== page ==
Seventeenth Sunday of Year B (John 6:1-15)


As you were getting up this morning, to get ready to come to church, you probably went into your bathroom to wash your face and brush your teeth and turned on the tap marked ‘C’, and all was well. If you went on holiday to Italy and you wanted to have a drink, wash your face or brush your teeth, you may well stand by a sink and turn on the tap marked ‘C’ and you would get a nasty shock. It stands for Caldo the Italian word for Hot. What you needed to do instead was to turn on the tap marked ‘F’ for Fredo or Cold.
This mistake is easily made, especially since we are so used to seeing the letter ‘C’ on cold taps back home. But it shows us the problem of misreading the signs. In today’s Gospel we have several examples of people misreading signs. First, we have Philip: he is asked by Jesus where they can buy bread for the crowd to eat. He replies that 200 denarii would only buy them a mouthful each. Six months wages just for a mouthful! So Philip can see no way that the people can be fed. He is unable to see past the practicalities.
Andrew begins better. He shows Jesus a boy with two fish and five barley loaves, the bread of the poor. But he cannot see the point and asks ‘what is that between so many?’ The disciples cannot read the signs and give the wrong answers to Jesus’ questions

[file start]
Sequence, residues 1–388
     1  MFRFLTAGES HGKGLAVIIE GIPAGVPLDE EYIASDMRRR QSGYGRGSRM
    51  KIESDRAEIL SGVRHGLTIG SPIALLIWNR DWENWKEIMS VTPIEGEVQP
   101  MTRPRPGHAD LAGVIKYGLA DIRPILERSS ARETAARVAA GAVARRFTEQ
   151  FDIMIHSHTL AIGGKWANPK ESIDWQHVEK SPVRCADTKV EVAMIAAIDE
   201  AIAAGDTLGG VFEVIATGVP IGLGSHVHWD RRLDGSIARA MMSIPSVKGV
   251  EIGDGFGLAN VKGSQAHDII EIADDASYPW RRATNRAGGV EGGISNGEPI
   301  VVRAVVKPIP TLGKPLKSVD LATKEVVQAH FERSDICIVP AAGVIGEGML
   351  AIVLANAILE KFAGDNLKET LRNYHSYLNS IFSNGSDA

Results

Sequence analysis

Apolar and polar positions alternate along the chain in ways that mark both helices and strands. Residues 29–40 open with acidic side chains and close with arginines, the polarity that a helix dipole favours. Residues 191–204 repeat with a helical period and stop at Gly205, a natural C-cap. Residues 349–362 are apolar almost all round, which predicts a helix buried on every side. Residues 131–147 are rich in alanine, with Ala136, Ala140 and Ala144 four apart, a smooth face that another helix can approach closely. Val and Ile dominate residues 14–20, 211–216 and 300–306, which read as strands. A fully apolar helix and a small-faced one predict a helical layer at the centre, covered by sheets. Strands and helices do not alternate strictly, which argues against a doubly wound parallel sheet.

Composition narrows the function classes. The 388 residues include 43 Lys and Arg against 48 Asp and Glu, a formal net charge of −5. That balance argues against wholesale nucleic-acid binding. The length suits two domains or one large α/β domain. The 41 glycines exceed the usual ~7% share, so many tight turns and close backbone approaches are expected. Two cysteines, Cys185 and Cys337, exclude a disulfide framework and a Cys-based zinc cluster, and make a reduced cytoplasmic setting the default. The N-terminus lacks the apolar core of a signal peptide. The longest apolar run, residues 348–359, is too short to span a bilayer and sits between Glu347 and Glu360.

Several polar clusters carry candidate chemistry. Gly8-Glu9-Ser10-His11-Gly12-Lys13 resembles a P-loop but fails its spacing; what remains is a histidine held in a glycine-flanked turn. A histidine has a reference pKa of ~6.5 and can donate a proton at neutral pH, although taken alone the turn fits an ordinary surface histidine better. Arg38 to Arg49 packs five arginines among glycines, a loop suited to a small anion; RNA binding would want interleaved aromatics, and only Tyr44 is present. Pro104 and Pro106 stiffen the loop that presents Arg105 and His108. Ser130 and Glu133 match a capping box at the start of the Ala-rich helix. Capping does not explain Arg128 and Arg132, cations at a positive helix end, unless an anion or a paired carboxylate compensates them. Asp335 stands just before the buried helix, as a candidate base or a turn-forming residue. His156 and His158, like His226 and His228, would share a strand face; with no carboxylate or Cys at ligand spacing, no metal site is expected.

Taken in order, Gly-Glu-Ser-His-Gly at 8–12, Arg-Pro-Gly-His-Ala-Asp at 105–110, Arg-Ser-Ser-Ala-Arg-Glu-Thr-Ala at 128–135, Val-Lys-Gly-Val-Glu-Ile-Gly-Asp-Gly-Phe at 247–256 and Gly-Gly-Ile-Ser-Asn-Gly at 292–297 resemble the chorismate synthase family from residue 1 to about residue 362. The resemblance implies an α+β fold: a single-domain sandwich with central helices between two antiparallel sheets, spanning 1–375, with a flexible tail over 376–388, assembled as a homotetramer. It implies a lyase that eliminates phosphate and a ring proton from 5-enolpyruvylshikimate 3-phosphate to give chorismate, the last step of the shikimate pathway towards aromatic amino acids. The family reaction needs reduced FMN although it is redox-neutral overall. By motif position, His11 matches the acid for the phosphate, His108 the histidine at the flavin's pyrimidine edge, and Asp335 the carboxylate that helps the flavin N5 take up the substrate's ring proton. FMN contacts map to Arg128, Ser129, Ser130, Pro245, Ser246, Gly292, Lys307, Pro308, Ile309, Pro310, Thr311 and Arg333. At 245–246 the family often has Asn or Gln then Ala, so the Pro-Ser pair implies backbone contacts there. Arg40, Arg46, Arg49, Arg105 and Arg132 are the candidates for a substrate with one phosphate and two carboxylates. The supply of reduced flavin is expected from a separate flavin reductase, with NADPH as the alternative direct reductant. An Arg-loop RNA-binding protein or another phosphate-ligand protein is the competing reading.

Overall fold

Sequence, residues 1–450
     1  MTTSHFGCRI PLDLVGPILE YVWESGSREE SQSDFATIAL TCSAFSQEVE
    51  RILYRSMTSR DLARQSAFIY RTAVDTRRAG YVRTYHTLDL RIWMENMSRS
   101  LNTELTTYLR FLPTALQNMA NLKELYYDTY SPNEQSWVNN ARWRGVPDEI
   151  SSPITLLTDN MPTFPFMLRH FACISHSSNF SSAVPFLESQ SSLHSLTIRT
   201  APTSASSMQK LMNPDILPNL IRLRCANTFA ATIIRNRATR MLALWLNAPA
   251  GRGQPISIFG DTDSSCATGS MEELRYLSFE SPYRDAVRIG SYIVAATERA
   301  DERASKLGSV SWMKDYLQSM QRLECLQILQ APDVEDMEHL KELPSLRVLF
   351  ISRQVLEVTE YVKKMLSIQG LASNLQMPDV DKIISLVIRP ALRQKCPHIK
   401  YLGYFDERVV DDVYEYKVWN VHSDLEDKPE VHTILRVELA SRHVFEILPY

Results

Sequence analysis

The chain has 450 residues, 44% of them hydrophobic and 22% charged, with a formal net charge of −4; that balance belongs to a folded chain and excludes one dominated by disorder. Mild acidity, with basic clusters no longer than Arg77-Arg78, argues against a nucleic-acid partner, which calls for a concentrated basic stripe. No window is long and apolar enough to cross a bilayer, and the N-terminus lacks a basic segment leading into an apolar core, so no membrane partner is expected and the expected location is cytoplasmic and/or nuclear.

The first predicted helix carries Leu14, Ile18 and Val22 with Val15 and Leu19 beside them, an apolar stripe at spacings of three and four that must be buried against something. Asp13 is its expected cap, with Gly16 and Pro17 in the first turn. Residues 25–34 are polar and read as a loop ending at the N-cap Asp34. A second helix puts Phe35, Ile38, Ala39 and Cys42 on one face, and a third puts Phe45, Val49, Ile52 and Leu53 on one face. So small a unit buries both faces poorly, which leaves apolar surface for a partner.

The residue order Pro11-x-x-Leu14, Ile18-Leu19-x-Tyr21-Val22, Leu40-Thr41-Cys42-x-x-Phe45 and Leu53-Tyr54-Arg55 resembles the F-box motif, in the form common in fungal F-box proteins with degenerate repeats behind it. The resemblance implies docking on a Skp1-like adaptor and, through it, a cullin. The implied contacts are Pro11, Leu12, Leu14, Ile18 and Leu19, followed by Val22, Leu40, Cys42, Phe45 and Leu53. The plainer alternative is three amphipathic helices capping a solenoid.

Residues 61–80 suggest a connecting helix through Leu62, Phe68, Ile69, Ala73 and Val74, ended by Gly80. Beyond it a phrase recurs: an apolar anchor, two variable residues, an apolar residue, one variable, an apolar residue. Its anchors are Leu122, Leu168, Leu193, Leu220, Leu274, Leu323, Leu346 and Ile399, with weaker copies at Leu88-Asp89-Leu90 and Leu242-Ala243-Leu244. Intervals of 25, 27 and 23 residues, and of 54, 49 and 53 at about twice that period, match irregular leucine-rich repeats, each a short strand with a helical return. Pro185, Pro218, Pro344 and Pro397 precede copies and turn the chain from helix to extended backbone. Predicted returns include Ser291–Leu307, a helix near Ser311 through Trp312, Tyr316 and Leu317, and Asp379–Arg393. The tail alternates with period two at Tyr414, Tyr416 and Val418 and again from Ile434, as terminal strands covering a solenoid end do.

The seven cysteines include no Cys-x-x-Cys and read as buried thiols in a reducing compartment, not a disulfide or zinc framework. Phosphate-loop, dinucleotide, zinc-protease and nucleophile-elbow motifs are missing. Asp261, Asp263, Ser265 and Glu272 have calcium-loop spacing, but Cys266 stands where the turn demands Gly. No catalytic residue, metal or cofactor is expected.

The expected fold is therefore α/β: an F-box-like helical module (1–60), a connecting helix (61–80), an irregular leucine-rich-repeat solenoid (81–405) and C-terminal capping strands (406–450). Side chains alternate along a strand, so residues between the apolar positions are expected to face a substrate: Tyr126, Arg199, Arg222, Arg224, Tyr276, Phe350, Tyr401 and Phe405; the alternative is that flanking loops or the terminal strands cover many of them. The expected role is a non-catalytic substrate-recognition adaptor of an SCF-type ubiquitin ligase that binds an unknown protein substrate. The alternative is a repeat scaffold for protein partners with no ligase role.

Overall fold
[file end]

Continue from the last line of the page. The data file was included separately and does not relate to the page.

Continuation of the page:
The people are also a bit of a mixed bag. They have followed Jesus as they are impressed by outward things, his miraculous healing of the sick. Once they have been fed, they recognise the sign as a declaration of Jesus’ identity, but they misinterpret it. They are about to take him by force and make him king. This is not what Jesus’ kingship is about, he isn’t a political ruler, and his kingship is not of this world. All three have expectations which are met, but not in the way they were expecting.
The context of the Gospel story is important. It was just before the Passover, the festival commemorating Israel’s journey from slavery in Egypt, across the Red Sea towards the Promised Land. It is a festival of Hope and Freedom, of Liberation, of a God who will feed them with manna from heaven.
It is also the same time that Jesus will celebrate the Last Supper with his disciples, instituting the Eucharist, which Christians have faithfully celebrated ever since and the reason why WE are here today. The blessing, breaking and sharing of bread is a serious matter then, and not just an excuse for a conjuring trick.